“To Intervene or Not to Intervene” by Riada Akyol

“To Intervene or Not to Intervene, that is the Question: Lessons from Bosnia and Herzegovina in Retrospect” by Riada Akyol is a postmortem on the international community’s ineffective response to the Bosnian crisis with particular prevalence in today’s geopolitical landscape. This article is not merely a chastisement of the international community’s action and inactions– it’s a call to apply these lessons to the conflicts in Syria, the Congo, and Mali. This article brilliantly catalogues and explores the numerous causes of the fiasco: the empty threats, the lack of leadership, the inefficiency, the lethargy, the lack of a unified vision, the “delusion of impartial intervention”, and the list goes on. The author, a Ph.D. student raised in Bosnia, is uniquely close to the issue, which simultaneously biases her and equips her to study this issue. Should this piece garner the attention it deserves amongst the great and good, there could be no doubt that the world would be better equipped to prevent mass carnage, the likes of which the world witnessed in Bosnia and Herzegovina.

Why did intervention take so long? The most compelling answer Akyol gave was that each country was too happy to shift ultimate responsibility to some other. The Clinton administration believed that Europe needed to be responsible for what happens in its backyard. Many European countries feared that a solely European response would cause the U.S. to abdicate any responsibility for what happens in eastern Europe. The international community was playing a game of chicken.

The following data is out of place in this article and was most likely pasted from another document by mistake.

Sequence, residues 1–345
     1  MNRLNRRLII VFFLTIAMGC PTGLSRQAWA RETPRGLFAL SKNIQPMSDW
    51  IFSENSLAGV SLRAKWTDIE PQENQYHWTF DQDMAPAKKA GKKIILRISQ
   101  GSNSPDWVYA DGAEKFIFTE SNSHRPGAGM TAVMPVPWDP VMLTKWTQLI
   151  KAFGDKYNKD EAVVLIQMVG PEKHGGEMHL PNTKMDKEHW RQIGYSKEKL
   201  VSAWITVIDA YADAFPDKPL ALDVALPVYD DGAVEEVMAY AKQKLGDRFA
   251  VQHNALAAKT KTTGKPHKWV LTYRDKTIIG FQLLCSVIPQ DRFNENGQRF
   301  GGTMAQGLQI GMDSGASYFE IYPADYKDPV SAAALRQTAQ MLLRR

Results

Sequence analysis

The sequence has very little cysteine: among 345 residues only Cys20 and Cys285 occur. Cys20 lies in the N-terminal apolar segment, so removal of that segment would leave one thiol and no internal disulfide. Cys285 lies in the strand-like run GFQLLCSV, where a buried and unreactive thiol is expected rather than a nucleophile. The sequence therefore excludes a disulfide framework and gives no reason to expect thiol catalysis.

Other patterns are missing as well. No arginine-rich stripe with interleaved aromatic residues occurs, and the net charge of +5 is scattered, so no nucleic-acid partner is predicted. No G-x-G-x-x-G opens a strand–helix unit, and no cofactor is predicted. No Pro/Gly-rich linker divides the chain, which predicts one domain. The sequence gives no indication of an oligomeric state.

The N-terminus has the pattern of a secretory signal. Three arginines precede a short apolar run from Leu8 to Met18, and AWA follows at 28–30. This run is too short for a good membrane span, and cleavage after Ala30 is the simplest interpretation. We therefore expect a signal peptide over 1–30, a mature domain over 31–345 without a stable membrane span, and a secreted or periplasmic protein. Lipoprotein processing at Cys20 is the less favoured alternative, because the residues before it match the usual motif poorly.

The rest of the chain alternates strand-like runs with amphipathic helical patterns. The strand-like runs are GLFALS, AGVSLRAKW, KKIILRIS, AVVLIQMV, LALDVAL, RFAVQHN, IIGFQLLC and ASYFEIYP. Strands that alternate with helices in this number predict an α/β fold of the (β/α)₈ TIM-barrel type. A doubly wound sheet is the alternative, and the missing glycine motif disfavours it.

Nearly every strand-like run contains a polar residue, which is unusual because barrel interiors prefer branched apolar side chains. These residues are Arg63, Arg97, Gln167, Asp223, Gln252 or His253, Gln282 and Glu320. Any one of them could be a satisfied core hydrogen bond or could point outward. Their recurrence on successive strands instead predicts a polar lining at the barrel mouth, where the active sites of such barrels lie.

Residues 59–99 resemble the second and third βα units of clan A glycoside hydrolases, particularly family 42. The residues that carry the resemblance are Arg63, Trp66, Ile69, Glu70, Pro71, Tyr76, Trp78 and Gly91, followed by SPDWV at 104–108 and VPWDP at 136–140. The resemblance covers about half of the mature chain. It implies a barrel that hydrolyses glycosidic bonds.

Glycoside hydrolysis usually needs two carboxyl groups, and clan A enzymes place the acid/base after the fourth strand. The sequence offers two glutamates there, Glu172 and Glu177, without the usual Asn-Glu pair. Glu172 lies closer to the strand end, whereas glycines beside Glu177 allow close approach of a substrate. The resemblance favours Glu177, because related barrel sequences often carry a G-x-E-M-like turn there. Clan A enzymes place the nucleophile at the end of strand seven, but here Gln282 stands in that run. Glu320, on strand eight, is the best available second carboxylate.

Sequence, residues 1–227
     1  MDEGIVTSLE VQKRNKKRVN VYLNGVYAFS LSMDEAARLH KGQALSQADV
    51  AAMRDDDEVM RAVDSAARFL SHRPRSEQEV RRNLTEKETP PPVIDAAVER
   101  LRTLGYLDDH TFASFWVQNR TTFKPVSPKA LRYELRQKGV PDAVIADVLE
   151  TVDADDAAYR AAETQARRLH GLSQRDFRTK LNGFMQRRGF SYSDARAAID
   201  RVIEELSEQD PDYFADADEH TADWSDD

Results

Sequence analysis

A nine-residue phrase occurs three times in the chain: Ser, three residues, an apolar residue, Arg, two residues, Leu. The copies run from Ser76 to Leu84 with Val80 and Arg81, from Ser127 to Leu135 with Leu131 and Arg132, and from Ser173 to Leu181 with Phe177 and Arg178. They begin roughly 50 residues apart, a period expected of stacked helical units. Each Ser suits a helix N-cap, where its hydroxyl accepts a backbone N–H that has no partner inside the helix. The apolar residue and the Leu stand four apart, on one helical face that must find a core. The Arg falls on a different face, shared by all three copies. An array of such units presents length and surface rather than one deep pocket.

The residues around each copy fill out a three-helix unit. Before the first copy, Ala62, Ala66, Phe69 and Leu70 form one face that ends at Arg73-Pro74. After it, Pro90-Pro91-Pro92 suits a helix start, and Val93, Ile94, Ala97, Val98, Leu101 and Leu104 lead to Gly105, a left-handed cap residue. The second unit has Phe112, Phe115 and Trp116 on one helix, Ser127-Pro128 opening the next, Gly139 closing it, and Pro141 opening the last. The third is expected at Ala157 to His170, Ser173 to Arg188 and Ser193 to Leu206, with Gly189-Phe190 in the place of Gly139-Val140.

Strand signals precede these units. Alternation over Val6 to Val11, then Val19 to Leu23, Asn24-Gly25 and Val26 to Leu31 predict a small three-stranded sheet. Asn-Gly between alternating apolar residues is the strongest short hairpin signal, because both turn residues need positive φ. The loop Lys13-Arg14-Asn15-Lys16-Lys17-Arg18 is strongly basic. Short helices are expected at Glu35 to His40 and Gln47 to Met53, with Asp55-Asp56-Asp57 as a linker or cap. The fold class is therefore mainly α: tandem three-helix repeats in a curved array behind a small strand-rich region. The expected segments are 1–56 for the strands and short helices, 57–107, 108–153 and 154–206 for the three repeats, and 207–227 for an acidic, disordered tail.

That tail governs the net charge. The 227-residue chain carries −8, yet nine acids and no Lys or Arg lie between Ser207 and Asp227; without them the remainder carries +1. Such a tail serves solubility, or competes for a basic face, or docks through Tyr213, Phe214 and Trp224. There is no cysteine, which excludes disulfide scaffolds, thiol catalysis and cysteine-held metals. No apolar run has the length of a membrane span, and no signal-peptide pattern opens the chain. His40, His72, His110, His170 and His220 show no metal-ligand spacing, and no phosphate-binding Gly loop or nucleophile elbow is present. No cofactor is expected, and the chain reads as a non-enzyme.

Another contributing factor the article mentions critical to understanding the inaction is just how easily citizens are placated. Leaders could pacify their publics, appalled by what they saw on the news, with symbolic actions that served mainly to “satisfy the CNN factor.” This would never have been necessary if not for governmental inertia. Inertia rooted partly in the fear that rocking the boat with a military intervention would do more harm than good. This isn’t to say that leaders weren’t conflicted, though. As Akyol points out, the Clinton administration sent mixed messages and seemingly reconsidered its stance numerous times. Following the Srebrenica massacre, though, large-scale NATO military actions were conducted.

Akyol also discusses the inefficacy of NATO’s “impartial intervention” strategy, and this is, I think, the most widely applicable takeaway of this piece. The author notes the paradoxical nature of bringing aid to Bosniaks yet not being able to repel Serbian harassment of aid convoys. As Akyol notes, “impartiality can work only where wars have played themselves out and the fighting factions need only the good offices of mediators to lay down their arms.”

Riada Akyol’s exhaustive list of lessons learned could help modern observers strike a “balance between interests, strategy and values” in today’s conflicts.



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